Off the court, Nygaard was looking for ways to lead. She offered to be the team spokesperson about Griner’s situation, so the players didn’t have to take it on. But there was only so much shielding she could do. The attention on Griner’s unprecedented plight, the reminders of her absence, the counting of her detention in calendar days, and Griner’s own legal updates were taking a huge toll.
The Mercury were in Connecticut near the end of the regular season, needing to win games to solidify the franchise’s 10th straight playoff berth.
The game was being televised nationally and there were shirts and signs with “We are BG” all over the Mohegan Sun Arena. Phoenix hadn’t played well in the previous game against New York. Taurasi was hurt and out of the lineup.
Nygaard and her coaching staff came out for the game-day shootaround and the players weren’t on the floor. They were in the locker room watching Griner be sentenced to nine years in prison.
“They came out and you could just see it in their faces in the huddle,” Nygaard said. “And we were going to have to play a game. We finished the shootaround and I just went to my room and sat there looking at reports from Russia.
Before the game, the two teams locked arms at center court. Emotions were very close to the surface.
“After every game, the players were getting asked about it. We were tracking the number of days she’d been held, we were all doing our best to keep it in front of the media. We probably shouldn’t have played that day. But we had to do our jobs.”
Before the regular season was over, Taurasi would be out of the lineup, Diggins-Smith would miss the final two regular-season games due to a personal matter (it was later revealed that she was pregnant) and yet the Mercury still earned the No. 8 seed in the playoffs. They were eliminated in the first round by eventual champion Las Vegas.
Nygaard, who had endured the public kerfuffle with Diggins-Smith and was hearing the rumblings across the league about whether she should be retained after the season, followed Taurasi’s advice. Head down. Work.
She says she never felt as if her job was in jeopardy. And she got support from other coaches and friends around the league. Both Minnesota’s Cheryl Reeve and Las Vegas’ Becky Hammon supported her publicly. Others made phone calls or sent check-in texts. Chiney Ogwumike hugged her at the scorer’s table before checking into the game.
“Our team rallied and made the playoffs and I think there was recognition that the players and me and my staff continued to work,” Nygaard said. “Our players still wanted to compete, even if they didn’t have the experience they thought they were going to have. We battled and we grew.”
A year later, Nygaard talks about a long offseason of adjustments. Hiring new assistant coaches, more clearly defining roles and responsibilities, reading books on management and leadership.
“I see things in these books and I think, “Oh man, I made that mistake,’” Nygaard said. “It’s like writing. The first draft is always crap. I’m doing a lot of things differently. This is a multi-generational team, with a 41-year-old legend, some vets and a lot of young players. We are teaching and installing and finding better ways to do things. And I am trying to meet our players where they are.”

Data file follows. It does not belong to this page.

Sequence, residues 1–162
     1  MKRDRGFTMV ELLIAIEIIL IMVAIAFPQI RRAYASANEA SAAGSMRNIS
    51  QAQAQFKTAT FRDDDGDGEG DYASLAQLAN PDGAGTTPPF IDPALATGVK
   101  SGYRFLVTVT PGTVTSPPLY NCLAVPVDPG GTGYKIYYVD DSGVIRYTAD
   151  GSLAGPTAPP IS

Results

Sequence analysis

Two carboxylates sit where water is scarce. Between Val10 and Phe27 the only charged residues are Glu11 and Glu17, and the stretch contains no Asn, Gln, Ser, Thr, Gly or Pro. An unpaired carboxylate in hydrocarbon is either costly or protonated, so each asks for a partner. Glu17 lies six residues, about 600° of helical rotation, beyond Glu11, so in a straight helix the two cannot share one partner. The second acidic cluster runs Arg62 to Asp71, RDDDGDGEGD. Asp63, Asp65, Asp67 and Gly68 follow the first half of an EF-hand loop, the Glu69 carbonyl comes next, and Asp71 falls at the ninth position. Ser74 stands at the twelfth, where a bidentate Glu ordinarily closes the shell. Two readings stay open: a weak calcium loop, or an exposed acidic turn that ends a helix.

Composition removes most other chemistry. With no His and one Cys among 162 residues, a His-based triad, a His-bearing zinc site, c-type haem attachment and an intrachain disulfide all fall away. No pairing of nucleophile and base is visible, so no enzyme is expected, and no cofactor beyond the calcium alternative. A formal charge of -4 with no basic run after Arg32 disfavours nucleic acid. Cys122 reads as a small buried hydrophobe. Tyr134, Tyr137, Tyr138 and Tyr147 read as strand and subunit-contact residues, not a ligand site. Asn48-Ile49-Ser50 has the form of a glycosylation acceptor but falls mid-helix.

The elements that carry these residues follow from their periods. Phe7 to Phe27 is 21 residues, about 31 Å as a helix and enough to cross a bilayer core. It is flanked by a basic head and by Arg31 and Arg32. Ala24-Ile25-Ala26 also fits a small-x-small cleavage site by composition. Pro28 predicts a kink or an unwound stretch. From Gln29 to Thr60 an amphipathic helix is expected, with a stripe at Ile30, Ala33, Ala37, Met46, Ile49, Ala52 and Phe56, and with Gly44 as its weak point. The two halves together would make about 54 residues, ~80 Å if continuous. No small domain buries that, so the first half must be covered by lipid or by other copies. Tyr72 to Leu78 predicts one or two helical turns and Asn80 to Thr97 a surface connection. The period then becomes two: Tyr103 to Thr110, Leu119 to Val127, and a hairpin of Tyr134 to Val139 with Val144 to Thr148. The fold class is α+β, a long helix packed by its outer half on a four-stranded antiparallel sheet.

And that includes Griner, whose return to the league and the Mercury has been covered worldwide. Friday’s game in Los Angeles will be a celebration as much as a competition.
Griner is working her way back into playing shape while the team deals with the new realities of providing her support and additional security.
But Griner’s presence is bringing Mercury back to life.
“Brittney is so funny and unique and joyful,” Nygaard said. “She brings us a balance that we need.”
Taurasi said the early part of the season has had a “great vibe.”
“It’s just a good group of characters, pushing toward one goal, whether that’s winning a drill, or fixing a little problem to make sure offense runs right, “ Taurasi said. ”People are trying to do what Coach Nygaard and staff want us to do, and there’s something nice about that.
“It’s been really nice and it’s really early, but let’s see if we can keep it going.”
Nygaard said she feels stronger and more prepared as her second season begins.
Taurasi said she has never seen a coach put in as much offseason work as Nygaard.
“I just said to someone the other day that I haven’t been this prepared by a coaching staff in a long time,” Taurasi said. “It was the work she did off the court and really looking at herself in the mirror. It takes a lot of self-evaluation to get better. We always talk about players getting better, and she’s brought that to our coaching staff.”
It remains to be seen whether Phoenix will be able to compete with the league’s “superteams” in New York and Las Vegas. The Mercury will have a healthy Taurasi, Brianna Turner, playoff experienced veterans like Sophie Cunningham and Shay Peddy, off-season acquisitions Moriah Jefferson and Michaela Onyewere, and Griner.
On Friday night, Phoenix played a preseason game in Phoenix, Griner’s first game minutes since 2021.
When she was introduced to the crowd, Nygaard turned to assistant coach Nikki Blue.
“We looked at each other and we just had chills,” Nygaard said. “We were here last year for all of it…Just to see her back is an absolute miracle.”
Written by Michelle Smith
Michelle Smith has covered women's basketball nationally for nearly three decades. Smith has worked for ESPN.com, The Athletic, the San Francisco Chronicle, as well as Pac-12.com and WNBA.com. She was named to the Alameda County Women's Hall of Fame in 2015, is the 2017 recipient of the Jake Wade Media Award from the Collegiate Sports Information Directors Association (CoSIDA) and was named the Mel Greenberg Media Award winner by the WBCA in 2019.